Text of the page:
Royal Bank of Scotland Group Plc posted a larger loss than analysts estimated in the first quarter as Britain’s largest government-owned bank set aside more money for restructuring and currency-manipulation probes.
The net loss was 446 million pounds ($687 million) compared with a 1.2 billion-pound profit in the year-earlier period, the lender said in a statement on Thursday. That’s below the 175.5 million-pound loss estimate of four analysts surveyed by Bloomberg. Conduct and litigation charges were 856 million pounds, including 334 million pounds toward settling allegations traders manipulated key currency benchmarks.
Chief Executive Officer Ross McEwan, 57, is shrinking the bank’s trading division and retreating globally to focus on U.K. consumer and commercial lending as he strives to reverse seven straight annual losses. His progress is being hindered by rising costs related to past misconduct, delaying a sale of the government’s 80 percent stake in the Edinburgh-based lender.
“Overall, we’re very, very pleased with progress,” Chief Financial Officer Ewen Stevenson said in a video message posted on the bank’s website. “There is much to do this year and its going to be a continuing tough year financially and you’re going to see more quarters like this as the year pans out. But underneath it all our core bank is doing very very well now.”
Profit excluding restructuring costs and conduct and litigation charges was 1.6 billion pounds, up 16 percent from 1.4 billion pounds a year ago. That beat the 1.5 billion-pound average estimate of seven analysts surveyed by Bloomberg. Still, revenue dropped to 4.3 billion pounds in the first quarter from 5.1 billion pounds a year earlier.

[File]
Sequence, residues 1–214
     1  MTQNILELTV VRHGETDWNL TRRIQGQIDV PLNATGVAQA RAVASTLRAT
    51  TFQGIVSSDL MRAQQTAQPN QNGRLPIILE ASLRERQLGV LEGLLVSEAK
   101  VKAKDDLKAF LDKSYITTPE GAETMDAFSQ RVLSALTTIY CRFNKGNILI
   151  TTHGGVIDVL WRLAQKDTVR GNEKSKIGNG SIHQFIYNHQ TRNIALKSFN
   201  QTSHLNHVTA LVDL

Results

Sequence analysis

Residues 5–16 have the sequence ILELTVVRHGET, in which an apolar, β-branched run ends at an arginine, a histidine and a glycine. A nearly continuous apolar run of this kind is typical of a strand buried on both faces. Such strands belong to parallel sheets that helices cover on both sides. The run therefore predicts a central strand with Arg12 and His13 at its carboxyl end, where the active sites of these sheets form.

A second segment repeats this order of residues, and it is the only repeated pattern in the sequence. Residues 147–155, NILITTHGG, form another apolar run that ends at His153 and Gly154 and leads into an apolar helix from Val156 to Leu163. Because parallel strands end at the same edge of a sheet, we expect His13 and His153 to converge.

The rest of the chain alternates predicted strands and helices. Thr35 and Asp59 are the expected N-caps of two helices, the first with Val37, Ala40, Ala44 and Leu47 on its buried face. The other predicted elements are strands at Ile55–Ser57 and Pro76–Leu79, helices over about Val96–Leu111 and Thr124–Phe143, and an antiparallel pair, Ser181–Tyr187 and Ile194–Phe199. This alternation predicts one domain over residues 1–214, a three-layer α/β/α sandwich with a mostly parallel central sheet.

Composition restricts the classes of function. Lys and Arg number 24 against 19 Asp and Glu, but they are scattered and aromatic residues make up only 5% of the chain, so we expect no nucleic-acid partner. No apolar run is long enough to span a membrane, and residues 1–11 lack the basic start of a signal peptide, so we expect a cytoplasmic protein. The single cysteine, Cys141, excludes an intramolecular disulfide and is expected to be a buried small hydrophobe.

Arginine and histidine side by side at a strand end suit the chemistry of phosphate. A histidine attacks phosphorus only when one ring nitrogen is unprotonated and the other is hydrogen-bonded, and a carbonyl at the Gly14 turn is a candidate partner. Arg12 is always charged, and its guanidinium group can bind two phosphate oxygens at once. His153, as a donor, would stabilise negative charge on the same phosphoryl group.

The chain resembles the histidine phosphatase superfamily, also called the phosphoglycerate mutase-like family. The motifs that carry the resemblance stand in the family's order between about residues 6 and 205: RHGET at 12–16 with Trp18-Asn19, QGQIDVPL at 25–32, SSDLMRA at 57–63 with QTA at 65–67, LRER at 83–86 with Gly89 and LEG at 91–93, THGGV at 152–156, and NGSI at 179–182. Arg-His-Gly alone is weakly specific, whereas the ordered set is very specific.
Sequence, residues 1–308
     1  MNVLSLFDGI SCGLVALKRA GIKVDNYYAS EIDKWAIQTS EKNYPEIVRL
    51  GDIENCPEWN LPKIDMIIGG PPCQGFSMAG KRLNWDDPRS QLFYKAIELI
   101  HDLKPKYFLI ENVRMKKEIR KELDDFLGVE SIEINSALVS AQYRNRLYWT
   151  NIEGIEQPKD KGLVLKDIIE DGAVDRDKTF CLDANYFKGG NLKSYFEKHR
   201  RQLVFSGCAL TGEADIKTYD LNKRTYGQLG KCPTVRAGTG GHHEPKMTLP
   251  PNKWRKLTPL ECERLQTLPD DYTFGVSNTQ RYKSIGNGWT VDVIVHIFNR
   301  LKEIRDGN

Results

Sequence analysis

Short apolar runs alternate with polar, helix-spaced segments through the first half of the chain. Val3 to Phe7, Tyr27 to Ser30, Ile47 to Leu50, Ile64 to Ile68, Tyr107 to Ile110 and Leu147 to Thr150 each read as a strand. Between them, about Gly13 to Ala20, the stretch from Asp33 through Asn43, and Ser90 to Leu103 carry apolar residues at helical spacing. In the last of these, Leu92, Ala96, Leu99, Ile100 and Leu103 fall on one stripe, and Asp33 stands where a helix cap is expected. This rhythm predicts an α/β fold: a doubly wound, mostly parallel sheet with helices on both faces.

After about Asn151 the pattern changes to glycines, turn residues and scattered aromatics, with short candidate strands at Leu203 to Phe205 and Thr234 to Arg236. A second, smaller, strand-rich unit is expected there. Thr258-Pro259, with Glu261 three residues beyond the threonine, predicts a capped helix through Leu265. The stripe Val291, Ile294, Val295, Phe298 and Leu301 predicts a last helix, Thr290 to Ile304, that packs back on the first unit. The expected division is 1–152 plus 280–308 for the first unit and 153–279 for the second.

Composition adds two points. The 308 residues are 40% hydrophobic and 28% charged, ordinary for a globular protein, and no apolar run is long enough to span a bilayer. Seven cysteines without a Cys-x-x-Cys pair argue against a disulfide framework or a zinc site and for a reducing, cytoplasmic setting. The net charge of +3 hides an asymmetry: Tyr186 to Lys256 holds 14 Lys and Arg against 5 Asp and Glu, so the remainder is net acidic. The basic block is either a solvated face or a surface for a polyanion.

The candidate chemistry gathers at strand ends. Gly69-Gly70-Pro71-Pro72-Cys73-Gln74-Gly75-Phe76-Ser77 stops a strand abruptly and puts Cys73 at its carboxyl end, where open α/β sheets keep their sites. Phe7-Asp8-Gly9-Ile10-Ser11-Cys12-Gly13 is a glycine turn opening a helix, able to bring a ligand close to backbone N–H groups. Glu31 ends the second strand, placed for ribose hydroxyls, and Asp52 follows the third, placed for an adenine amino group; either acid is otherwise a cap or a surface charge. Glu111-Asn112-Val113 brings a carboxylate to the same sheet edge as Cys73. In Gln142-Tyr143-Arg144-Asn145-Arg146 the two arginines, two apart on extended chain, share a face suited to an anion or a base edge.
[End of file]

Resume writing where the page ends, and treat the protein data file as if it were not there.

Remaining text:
The shares fell 2.2 percent to 341.7 pence at 8:20 a.m. in London. They have slumped 13 percent this year, trading below the 407 pence a share at which the government says it would break even on its 45.5 billion-pound bailout in 2008 and 2009.
RBS paid $634 million to two regulators in November, when a group of banks agreed to pay a total of about $4.3 billion to settle allegations they rigged currency markets. Barclays Plc, which wasn’t part of the settlement, on Wednesday set aside an additional 800 million pounds to cover a potential fine.
RBS said it expects to incur further financial penalties as it holds “advanced discussions” about reaching a settlement in the U.S. Department of Justice’s criminal probe into curency-rigging.
The lender also set aside another 100 million pounds to compensate customers for payment-protection insurance they didn’t want or need, increasing the total cost of the scandal for RBS to about 3.8 billion pounds.
RBS’s “core franchise over the next few years is likely to expand earnings” once the “restructuring is over and interest rates normalize,” said Chirantan Barua, an analyst at Sanford C. Bernstein in London with an outperform recommendation on the bank’s shares. However this will be offset by “about 9 billion pounds that we think they bank will spend on litigation and restructuring over the next few years.”
The bank has benefited from strengthening economies in the U.K. and Ireland, boosting housing demand. RBS had a gain on impairments of 91 million pounds, reflecting “benign credit conditions” after a 362 million-pound bad-debt loss last year.
McEwan has been seeking ways to strengthen the bank’s capital buffers ahead of a second round of Bank of England stress tests later this year after narrowly passing in 2014. The company had a common equity Tier 1 ratio, a measure of financial strength, of 11.5 percent at the end of the first quarter, up from 11.2 percent at the end of December.
The bank took a 453 million-pound charge for restructuring in the first quarter, mainly related to the overhaul of its securities unit. The investment banking division swung to an operating loss of 741 million pounds in the quarter, compared with a profit of 333 million pounds in year-earlier period.
“There are still many conduct and litigation hurdles looming on the horizon,” McEwan said on a call with reporters. “We’re doing what we said we would do this year, which is tidy up the business from a restructuring perspective and getting as much of the conduct and ligitation out of our way.”